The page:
Crossed eye or Congenital Esotropia
Most infants are born with eyes that are not aligned at birth. It is common for infants to appear as if they have esotropia, or inward turn of the eyes because the bridge of the nose is not fully developed. This false appearance of an inward turning is known as epicanthus. As the infant grows, and the bridge narrows the eyes will appear more normal. Infantile esotropia usually appears between the ages of 2 and 4 months.
Lazy eye or Amblyopia develops when the brain shuts off or suppresses vision in one eye. About 3 to 6 percent of children under the age of 6 develop amblyopia. Treatment is most successful before age 5 or 6, but if ignored, amblyopia can result in permanent vision loss.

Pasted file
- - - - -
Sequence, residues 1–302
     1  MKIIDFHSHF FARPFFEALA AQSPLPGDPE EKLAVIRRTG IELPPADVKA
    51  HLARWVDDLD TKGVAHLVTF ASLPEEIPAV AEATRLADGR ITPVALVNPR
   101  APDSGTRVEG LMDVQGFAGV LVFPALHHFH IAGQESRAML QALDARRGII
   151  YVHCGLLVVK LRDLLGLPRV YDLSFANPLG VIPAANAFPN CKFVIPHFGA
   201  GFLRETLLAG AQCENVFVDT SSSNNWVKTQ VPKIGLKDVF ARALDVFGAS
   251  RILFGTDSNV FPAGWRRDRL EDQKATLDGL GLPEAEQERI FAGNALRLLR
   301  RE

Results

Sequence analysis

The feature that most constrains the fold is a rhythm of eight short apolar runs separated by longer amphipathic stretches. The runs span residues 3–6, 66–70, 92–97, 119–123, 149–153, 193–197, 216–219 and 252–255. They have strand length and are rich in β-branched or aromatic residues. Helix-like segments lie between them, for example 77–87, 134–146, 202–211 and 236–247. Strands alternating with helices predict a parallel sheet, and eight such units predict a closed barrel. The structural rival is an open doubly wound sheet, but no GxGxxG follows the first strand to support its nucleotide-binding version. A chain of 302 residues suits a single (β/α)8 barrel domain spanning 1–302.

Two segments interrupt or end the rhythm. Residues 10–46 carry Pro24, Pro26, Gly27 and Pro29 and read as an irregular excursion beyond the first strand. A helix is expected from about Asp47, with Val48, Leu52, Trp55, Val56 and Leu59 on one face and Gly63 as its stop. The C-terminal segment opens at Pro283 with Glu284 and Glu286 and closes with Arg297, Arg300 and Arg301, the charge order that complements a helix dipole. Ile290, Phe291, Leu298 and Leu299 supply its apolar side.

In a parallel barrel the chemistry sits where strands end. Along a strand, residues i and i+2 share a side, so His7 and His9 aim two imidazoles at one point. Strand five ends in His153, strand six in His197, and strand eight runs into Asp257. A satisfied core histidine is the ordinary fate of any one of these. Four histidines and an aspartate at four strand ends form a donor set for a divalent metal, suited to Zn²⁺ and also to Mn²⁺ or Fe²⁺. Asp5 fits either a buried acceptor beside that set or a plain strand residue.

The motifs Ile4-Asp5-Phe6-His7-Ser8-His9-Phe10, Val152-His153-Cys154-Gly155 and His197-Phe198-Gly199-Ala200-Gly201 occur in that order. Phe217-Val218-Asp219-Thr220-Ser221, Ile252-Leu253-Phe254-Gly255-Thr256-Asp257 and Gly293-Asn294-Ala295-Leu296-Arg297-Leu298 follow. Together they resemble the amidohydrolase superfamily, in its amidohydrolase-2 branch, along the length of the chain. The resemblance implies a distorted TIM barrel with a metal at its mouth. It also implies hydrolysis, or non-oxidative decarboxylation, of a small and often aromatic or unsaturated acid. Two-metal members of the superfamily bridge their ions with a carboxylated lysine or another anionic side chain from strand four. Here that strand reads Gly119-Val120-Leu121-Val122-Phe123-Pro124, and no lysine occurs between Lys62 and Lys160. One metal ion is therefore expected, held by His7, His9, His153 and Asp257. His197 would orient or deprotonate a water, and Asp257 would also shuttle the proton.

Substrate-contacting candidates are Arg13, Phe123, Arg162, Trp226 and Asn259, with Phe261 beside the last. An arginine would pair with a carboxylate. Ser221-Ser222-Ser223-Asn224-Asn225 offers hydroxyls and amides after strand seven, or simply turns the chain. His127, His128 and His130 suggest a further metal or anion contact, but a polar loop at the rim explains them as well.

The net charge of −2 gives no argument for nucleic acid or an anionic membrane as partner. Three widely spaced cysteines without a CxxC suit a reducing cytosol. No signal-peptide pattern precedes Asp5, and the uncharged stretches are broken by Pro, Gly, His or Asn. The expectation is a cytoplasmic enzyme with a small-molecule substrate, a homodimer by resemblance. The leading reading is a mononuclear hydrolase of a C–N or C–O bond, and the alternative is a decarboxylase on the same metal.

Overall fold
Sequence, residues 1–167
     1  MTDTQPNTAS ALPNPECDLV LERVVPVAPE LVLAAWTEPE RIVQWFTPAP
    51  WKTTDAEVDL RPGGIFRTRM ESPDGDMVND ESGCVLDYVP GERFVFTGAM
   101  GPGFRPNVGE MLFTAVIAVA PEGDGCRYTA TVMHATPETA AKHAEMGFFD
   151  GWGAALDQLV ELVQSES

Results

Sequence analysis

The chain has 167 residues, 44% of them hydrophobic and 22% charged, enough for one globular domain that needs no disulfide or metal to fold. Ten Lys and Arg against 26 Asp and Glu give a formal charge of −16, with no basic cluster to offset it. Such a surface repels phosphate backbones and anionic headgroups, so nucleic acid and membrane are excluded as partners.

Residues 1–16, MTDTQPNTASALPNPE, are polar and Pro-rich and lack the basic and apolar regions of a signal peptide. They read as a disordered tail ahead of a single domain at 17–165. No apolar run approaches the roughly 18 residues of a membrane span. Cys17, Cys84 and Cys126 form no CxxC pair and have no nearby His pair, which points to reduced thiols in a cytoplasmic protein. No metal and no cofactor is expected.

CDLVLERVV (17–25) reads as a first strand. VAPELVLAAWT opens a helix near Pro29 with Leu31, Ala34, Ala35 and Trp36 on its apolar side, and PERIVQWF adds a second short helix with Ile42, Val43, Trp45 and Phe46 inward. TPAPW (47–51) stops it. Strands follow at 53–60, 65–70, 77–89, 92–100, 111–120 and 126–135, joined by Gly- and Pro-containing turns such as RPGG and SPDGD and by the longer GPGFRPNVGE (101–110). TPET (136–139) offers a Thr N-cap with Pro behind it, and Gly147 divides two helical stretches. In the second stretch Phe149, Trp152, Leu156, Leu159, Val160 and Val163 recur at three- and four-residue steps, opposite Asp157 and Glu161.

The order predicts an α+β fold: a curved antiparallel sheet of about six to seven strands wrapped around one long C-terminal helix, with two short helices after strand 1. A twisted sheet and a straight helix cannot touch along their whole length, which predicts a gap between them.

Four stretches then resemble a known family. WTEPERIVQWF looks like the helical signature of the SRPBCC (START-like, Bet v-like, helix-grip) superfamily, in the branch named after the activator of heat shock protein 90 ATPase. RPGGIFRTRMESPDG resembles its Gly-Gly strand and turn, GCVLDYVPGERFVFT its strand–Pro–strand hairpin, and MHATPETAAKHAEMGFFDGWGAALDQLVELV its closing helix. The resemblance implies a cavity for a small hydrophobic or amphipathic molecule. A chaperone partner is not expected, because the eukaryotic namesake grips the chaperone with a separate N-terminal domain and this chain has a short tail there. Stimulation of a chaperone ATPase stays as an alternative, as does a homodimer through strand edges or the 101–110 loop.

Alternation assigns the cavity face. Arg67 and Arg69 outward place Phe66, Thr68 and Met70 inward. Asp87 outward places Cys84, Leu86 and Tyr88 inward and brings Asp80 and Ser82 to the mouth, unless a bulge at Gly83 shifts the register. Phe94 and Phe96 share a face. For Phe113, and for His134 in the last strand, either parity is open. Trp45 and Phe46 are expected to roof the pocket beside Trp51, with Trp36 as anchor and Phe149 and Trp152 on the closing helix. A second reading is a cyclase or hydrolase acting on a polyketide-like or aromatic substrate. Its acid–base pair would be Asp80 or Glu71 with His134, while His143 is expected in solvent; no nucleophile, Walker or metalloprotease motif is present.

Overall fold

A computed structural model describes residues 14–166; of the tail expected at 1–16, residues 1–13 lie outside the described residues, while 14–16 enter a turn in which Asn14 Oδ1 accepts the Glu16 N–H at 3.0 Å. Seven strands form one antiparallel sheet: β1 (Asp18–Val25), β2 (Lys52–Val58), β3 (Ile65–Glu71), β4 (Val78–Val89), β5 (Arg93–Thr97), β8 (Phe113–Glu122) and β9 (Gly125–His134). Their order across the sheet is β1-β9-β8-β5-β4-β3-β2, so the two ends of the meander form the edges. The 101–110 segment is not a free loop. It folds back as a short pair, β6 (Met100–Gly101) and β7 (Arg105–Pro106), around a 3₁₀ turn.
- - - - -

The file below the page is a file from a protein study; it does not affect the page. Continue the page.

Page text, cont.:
Identifying the problem is not easy because children can get along fine using only one eye. The less-used eye may look perfectly normal, even though the child is not using it to see. The mother can carry out a simple test by focussing the light of a torch on a wall and observing how the child follows the light.